How Mere Words Can Shape Enterprise Trajectory
Businesses at all levels are beginning to actively engage with the problems of user experience because they have seen the profound effects of excellent interactions with customers: more re-purchasers, more customer referrals, greater customer loyalty, etc. The list of benefits goes on and on. I’m not going to discuss the need for interaction design and customer experience management right now. Research shows that “90% of companies feel that customer experience is very important or critical in 2010, and 80% intend to use it as competitive differentiation.”1 Most companies understand that need and those that don’t will soon be left behind.
Instead, I’d like to discuss how businesses are attempting to structure their own organization to fulfill that need. It was a big step just getting companies to have the customer experience conversation; so many design advocates were satisfied with whatever form it took. The accomplishment of even discussing how an enterprise should respond to individual customer journeys is not to be understated. Today however, I am saying we need to move to the next step: ensuring positive outcomes from customer experience management initiatives. Hank Barnes has touched on some of the problems companies are having in sustaining customer-centricity. 2 I’d like to build on his discussion and talk about a more fundamental structure we need to examine: words. The language used in conversation shapes its outcome and I believe the language of the experience discussion is preventing many companies from achieving or sustaining the focus on customer experience that is the initial goal of these efforts.
The language and words we use is one of the subtlest ways we unwittingly sabotage our own end goals. We hardly think about the words we use internally with our teams and colleagues. To illustrate this specifically, I’d like to talk about the phrase ‘outside-in’ that is currently experiencing its 15 minutes of fame in the business world. ‘Outside-in’ is generally used to mean considering customer desires and goals and establishing a company culture centered on satisfying those user needs. This idea aims to create happier customers who will then make the company more money.3
I purport that not only does this phrase ‘outside-in’ fail to accomplish its stated goal, but that the phrase itself actively contributes to a competitive ‘us vs. them’ mentality which prevents the very culture it attempts to create. ‘Outside-in’ is a divisive concept. It sets two groups, the outside users and the inside company members, against each other instead of aligning them together as integral parts of a single organization – your business.
Sociologists call this type of language ‘othering’ because its use creates distance between the speaker and those s/he is speaking about, creating an inherently unequal power dynamic.4 Though mainly used in sociology to discuss self-justifications for discriminatory policies and societal structures that reinforce the existing, unequal power structures, the concept of ‘othering’ is useful in discussing why so many companies fail to sustain a customer-centered practice, despite pouring millions of dollars and hours into customer experience management initiatives.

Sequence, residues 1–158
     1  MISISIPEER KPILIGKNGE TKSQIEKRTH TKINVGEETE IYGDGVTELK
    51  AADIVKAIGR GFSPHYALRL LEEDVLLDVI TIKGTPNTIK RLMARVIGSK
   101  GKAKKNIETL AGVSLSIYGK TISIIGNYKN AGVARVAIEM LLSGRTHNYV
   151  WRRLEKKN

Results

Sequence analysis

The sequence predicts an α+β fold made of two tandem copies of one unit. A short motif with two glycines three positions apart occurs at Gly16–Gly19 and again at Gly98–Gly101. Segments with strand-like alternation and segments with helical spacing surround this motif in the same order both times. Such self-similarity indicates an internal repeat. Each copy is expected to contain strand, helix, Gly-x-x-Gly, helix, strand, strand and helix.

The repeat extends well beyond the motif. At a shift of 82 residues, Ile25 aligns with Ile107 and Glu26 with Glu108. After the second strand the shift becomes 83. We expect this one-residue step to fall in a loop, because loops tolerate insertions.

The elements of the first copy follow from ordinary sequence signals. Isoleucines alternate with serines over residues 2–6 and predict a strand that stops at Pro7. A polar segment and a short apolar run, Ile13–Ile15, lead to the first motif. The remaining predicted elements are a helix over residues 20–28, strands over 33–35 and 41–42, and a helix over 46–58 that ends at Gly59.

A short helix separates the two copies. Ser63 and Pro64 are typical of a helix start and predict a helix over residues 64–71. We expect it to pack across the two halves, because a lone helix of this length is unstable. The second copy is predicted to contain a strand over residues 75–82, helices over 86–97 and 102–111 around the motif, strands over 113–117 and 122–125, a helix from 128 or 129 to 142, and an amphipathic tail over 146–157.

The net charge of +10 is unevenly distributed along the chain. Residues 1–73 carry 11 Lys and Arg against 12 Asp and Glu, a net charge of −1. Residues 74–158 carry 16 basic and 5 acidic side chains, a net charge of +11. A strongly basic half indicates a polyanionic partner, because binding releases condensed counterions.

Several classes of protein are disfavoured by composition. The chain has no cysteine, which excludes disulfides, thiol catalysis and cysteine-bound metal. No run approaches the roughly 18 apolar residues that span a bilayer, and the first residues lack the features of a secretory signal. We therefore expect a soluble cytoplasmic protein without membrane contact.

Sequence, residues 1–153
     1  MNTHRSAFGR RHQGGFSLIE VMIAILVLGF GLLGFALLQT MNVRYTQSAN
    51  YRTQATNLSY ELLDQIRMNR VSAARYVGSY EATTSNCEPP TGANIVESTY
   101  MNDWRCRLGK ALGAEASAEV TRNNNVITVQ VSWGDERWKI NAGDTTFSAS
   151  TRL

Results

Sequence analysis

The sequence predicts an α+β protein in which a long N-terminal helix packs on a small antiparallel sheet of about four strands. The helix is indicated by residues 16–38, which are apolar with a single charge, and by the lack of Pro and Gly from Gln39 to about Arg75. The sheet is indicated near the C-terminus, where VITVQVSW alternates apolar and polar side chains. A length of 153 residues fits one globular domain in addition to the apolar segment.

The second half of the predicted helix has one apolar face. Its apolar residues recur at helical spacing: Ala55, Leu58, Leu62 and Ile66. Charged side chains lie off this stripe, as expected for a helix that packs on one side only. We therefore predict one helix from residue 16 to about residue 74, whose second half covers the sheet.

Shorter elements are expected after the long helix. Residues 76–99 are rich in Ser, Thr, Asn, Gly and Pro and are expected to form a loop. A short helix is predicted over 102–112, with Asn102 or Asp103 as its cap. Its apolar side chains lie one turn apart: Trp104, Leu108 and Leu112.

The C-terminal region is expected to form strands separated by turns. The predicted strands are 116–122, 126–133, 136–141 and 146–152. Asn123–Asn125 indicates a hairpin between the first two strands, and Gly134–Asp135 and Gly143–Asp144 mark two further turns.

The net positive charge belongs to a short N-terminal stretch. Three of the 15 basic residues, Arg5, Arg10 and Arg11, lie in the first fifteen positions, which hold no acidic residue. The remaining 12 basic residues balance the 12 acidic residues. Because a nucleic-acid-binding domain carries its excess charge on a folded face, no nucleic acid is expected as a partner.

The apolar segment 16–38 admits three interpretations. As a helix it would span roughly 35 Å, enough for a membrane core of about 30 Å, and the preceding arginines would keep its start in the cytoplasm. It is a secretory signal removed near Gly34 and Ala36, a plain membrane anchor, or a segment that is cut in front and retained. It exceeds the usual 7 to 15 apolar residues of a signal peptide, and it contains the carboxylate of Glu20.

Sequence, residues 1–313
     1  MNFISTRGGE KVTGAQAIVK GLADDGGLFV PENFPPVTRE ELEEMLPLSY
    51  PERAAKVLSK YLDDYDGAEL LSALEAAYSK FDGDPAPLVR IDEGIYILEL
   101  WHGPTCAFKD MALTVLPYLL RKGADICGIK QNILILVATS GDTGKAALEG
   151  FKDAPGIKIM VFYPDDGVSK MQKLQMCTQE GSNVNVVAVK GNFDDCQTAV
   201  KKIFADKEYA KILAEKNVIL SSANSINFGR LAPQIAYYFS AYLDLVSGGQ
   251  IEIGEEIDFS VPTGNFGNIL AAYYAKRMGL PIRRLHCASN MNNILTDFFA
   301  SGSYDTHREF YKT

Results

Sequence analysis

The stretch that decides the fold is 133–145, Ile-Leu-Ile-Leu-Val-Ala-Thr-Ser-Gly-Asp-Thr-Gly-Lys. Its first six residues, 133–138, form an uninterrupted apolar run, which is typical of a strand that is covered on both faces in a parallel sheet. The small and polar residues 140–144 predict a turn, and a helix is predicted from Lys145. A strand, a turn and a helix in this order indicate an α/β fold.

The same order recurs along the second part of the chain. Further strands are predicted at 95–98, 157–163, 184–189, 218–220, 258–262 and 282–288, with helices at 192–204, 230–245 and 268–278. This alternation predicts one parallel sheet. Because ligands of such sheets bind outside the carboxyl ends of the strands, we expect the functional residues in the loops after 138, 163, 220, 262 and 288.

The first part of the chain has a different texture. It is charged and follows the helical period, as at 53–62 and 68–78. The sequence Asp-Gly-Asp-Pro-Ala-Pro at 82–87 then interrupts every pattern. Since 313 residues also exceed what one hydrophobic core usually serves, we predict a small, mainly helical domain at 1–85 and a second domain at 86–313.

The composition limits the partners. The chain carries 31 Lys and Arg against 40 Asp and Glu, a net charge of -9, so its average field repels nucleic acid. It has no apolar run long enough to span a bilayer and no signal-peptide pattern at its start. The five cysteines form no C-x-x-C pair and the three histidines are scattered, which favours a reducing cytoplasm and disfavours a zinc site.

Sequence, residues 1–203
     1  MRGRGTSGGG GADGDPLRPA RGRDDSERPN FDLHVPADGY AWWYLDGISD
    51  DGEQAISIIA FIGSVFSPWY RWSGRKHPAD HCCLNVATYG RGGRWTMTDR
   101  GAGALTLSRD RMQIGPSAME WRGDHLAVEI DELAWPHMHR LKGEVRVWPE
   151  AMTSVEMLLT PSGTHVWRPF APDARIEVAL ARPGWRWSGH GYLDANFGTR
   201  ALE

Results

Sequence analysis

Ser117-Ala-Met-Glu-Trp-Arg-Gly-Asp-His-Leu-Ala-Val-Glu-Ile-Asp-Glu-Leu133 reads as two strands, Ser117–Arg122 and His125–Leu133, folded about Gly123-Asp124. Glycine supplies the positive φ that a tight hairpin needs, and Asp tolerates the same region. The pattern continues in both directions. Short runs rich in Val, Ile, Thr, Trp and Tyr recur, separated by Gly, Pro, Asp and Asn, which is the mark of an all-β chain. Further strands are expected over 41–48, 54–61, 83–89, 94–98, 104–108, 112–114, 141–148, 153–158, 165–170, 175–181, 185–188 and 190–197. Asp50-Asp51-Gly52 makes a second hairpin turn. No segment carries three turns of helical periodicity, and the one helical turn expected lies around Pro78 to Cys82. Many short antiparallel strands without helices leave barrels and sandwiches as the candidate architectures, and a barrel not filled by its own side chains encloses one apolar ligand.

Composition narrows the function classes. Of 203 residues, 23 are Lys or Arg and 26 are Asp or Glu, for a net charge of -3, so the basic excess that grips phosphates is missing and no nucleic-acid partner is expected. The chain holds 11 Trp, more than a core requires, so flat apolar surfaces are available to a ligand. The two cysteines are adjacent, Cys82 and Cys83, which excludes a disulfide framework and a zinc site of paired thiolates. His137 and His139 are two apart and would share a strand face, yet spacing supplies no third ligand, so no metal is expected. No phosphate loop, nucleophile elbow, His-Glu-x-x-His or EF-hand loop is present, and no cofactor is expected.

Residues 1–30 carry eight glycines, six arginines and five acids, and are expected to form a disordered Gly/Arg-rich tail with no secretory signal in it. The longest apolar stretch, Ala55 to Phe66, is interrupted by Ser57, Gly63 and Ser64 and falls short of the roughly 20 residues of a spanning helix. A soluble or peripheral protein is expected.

‘Outside-in’ and phrases like it are language only used by business professionals, never by customers. And so, since the company sees itself in the position of providing users products and services, the people in that company use language, unconsciously, that reassures them of their position of power without even acknowledging that they are speaking a language not relevant to customers. By doing so, they undermine their efforts to understand and empathize with their customers. If the underlying language structures focus on how different, how ‘other,’ the customer is, the obstacles to understanding user needs become near insurmountable.
Business has come a long way in how customers are treated. But there is still a long way to go in order to truly understand and respond to the differing customer journeys. As an enterprise representative, it is vitally important to think of customers not as an ‘other’ whose goals must be manipulated into fitting within your own, but rather an inherent part of your organization whose goals are essential to the accomplishment of the company’s larger aims. Different teams already cooperate within an enterprise, so why not consider your customers another team or department? Their input cannot be excluded, so treating them as part of the process can help ensure that their perspectives do not get lost along the way. Once this mental shift has been achieved, along with the accompanying vocabulary change, customer experience presents itself as a collaborative opportunity to pursue multiple goals at once – goals that make both the customer and the enterprise happy.
Temkin, Bruce, William Chu, and Rachel Zinser. The State of Customer Experience, 2010. Research Report. Forrester Research, 19 Feb. 2010. Web. <http://www.forrester.com/rb/Research/state_of_customer_experience,_2010/q/id/56316/t/2>.
Barnes, Hank. “Outside-In Is Easy to Say, but Hard to Do.” Experience Delivers. Adobe Blogs, 20 Apr. 2011. Web. 26 Apr. 2011. <http://blogs.adobe.com/experiencedelivers/2011/04/20/outside-in-is-easy-to-say-but-hard-to-do/>.
Denning, Steve. “The Alternative To Top-Down Is Outside-In.” Forbes. 13 Feb. 2011. Web. 26 Apr. 2011. <http://blogs.forbes.com/stevedenning/2011/02/13/the-alternative-to-top-down-is-outside-in/>.
“Other.” Wikipedia, the Free Encyclopedia. 4 Apr. 2011. Web. 26 Apr. 2011. <http://en.wikipedia.org/wiki/Other>.